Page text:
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Discussion papers
https://doi.org/10.5194/cp-2019-56
© Author(s) 2019. This work is distributed under
the Creative Commons Attribution 4.0 License.
https://doi.org/10.5194/cp-2019-56
© Author(s) 2019. This work is distributed under
the Creative Commons Attribution 4.0 License.

Research article 24 May 2019

Research article | 24 May 2019

Review status
This discussion paper is a preprint. It is a manuscript under review for the journal Climate of the Past (CP).

Did the Roman Empire affect European climate? A new look at the effects of land use and anthropogenic aerosol emissions

Anina Gilgen1, Stiig Wilkenskjeld2, Jed O. Kaplan3,4, Thomas Kühn5,6, and Ulrike Lohmann1 Anina Gilgen et al.
  • 1ETH Zürich, Institute for Atmospheric and Climate Science, Zurich, Switzerland
  • 2Max Planck Institute for Meteorology, Hamburg, Germany
  • 3Institute of Geography, University of Augsburg, Augsburg, Germany
  • 4Department of Earth Sciences, University of Hong Kong, Hong Kong, China
  • 5Atmospheric Research Centre of Eastern Finland, Finnish Meteorological Institute, Kuopio, Finland
  • 6Aerosol Physics Research Group, University of Eastern Finland, Kuopio, Finland

Abstract. As one of the first transcontinental polities that led to widespread anthropogenic modification of the environment, the influence of the Roman Empire on European climate has been studied for more than 20 years. Recent advances in our understanding of past land use and aerosol-climate interactions make it valuable to revisit the way humans may have affected the climate of the Roman Era. Here we drive the global aerosol-enabled climate model ECHAM-HAM-SALSA with land use maps and novel estimates of anthropogenic aerosol emissions from the Roman Empire at its apogee to quantify the effect of humans on regional climate. In a factorial study, we used the HYDE and KK11 anthropogenic land cover change scenarios with three estimates (low, medium, high) of aerosol emissions from fuel combustion and burning of agricultural land.

Land use effects on climate varied from no influence using the HYDE scenario to a significant warming over land of 0.15 K with KK11 relative to a no-land use control. This warming is primarily caused by regional decreases in turbulent fluxes, in contrast to previous studies that emphasised changes in albedo and evapotranspiration. Aerosol emissions from agricultural burning were greater than those from fuel consumption, but on the same order of magnitude. All emissions scenarios result in an enhanced cooling effect of clouds over a no-emissions control scenario. As a consequence, the land surface temperature averaged over our entire study domain decreased significantly by 0.17 K, 0.23 K, and 0.46 K for the low, the intermediate, and the high emissions scenarios, respectively. Cooling caused by aerosol emissions is largest over Central and Eastern Europe, while warming caused by land use occurs in parts of North Africa and the Middle East. Our results suggest that the influence of Roman Era anthropogenic aerosol emissions on European climate may have been as important as that of deforestation and other forms of land use. Our model may overestimate aerosol-effective radiative forcing, however, and our results are very sensitive to the inferred seasonal timing of agricultural burning practices and natural aerosol emissions over land (wildfire emissions and biogenic emissions). Nevertheless, it is likely that human influence on land and the atmosphere affected continental-scale climate during Classical Antiquity.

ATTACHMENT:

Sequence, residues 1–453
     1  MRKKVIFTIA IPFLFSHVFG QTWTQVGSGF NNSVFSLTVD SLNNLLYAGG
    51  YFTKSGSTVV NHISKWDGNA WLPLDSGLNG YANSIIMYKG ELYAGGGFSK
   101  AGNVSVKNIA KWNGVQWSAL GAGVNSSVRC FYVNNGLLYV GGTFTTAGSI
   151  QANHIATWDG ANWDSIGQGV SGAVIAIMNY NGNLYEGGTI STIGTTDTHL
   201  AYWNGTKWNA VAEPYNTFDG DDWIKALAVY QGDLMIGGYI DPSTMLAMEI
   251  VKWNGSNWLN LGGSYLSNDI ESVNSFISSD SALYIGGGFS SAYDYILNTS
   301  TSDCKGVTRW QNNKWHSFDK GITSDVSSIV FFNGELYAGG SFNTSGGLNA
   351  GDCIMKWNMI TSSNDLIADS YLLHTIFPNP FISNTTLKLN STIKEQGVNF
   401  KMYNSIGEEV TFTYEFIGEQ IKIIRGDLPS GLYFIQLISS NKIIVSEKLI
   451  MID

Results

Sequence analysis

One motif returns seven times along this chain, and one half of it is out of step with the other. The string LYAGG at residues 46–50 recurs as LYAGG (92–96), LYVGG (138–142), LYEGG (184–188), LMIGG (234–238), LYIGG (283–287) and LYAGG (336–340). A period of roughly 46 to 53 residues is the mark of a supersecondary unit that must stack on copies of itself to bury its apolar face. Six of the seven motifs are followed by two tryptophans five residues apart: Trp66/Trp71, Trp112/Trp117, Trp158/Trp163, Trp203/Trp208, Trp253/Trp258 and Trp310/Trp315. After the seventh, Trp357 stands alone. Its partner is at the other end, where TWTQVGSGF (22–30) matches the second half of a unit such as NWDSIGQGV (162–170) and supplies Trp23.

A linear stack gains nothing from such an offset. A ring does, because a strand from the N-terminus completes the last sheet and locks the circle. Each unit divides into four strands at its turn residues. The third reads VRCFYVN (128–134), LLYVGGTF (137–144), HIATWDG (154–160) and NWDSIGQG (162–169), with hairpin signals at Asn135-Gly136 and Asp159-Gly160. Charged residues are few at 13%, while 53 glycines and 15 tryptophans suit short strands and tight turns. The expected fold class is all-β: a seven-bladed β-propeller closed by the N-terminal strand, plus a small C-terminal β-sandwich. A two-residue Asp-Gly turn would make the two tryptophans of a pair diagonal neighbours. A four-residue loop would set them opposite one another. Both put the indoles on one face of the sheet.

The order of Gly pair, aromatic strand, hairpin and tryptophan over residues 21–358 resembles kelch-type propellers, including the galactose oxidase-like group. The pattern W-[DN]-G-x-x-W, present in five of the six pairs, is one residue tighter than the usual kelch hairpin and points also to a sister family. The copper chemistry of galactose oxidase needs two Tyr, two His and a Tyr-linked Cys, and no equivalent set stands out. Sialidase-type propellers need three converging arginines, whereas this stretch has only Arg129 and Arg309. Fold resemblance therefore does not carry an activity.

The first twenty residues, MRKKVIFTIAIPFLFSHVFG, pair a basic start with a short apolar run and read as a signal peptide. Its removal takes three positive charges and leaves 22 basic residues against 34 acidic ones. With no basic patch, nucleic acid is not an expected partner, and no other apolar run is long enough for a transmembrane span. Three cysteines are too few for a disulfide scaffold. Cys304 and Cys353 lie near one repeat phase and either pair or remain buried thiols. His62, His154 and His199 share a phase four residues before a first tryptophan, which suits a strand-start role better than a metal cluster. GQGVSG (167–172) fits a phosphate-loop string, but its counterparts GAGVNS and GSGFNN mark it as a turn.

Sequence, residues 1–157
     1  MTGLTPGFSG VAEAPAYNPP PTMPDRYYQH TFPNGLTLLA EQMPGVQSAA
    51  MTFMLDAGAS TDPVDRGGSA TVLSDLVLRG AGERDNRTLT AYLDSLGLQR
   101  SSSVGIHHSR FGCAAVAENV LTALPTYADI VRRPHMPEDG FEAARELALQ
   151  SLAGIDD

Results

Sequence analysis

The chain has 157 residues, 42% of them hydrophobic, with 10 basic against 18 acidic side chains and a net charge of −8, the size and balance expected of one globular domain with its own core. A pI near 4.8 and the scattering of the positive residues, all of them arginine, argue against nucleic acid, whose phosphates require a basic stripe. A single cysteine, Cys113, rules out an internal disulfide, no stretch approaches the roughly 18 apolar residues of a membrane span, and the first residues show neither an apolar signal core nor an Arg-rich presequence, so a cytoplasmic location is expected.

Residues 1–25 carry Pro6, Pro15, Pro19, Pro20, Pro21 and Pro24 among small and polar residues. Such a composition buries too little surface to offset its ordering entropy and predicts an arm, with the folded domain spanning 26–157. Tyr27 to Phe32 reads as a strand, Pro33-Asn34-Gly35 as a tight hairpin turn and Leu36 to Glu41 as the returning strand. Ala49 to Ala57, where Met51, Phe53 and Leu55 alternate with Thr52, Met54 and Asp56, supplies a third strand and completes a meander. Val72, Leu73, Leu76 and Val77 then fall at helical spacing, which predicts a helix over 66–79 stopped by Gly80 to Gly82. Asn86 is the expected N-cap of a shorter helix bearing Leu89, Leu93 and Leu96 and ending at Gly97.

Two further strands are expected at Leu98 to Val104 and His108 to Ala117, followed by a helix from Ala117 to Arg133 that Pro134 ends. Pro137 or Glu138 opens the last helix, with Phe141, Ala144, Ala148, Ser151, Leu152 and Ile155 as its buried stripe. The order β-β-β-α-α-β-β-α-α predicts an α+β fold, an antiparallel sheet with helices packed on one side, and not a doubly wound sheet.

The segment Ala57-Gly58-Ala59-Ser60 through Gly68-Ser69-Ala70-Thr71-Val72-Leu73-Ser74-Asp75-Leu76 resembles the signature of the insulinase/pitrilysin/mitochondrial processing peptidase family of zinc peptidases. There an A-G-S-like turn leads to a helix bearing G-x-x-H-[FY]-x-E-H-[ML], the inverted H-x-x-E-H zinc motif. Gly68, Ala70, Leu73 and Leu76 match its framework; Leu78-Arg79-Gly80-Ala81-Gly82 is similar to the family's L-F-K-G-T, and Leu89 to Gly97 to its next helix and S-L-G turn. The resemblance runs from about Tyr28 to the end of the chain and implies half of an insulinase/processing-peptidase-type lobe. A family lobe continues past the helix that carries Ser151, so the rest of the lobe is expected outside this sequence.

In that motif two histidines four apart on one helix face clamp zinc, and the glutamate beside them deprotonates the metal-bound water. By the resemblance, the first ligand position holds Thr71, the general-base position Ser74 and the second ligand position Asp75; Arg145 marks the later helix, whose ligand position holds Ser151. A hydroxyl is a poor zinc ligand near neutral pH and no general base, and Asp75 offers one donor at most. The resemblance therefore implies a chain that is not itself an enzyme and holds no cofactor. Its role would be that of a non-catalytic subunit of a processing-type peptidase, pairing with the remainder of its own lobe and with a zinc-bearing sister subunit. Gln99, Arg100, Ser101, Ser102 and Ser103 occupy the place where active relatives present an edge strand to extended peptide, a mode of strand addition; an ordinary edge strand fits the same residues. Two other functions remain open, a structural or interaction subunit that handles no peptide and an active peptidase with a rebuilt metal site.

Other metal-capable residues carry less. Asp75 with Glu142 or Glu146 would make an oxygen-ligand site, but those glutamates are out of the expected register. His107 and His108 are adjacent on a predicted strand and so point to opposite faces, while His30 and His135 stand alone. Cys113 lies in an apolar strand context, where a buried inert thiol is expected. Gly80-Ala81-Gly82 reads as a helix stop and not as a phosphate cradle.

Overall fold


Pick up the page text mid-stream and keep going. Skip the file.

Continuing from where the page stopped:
Anina Gilgen et al.
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Using the global aerosol-climate model ECHAM-HAM-SALSA, the effect of humans on the climate of Europe at the height of Roman Empire was quantified. Both land use and novel estimates of anthropogenic aerosol emissions were considered. While changes in land use induce climate warming, aerosol emissions enhance the cooling effect of clouds. Our results suggest that the influence of Roman Era anthropogenic aerosol emissions on European climate may have been as important as that of land use.
Using the global aerosol-climate model ECHAM-HAM-SALSA, the effect of humans on the climate of...
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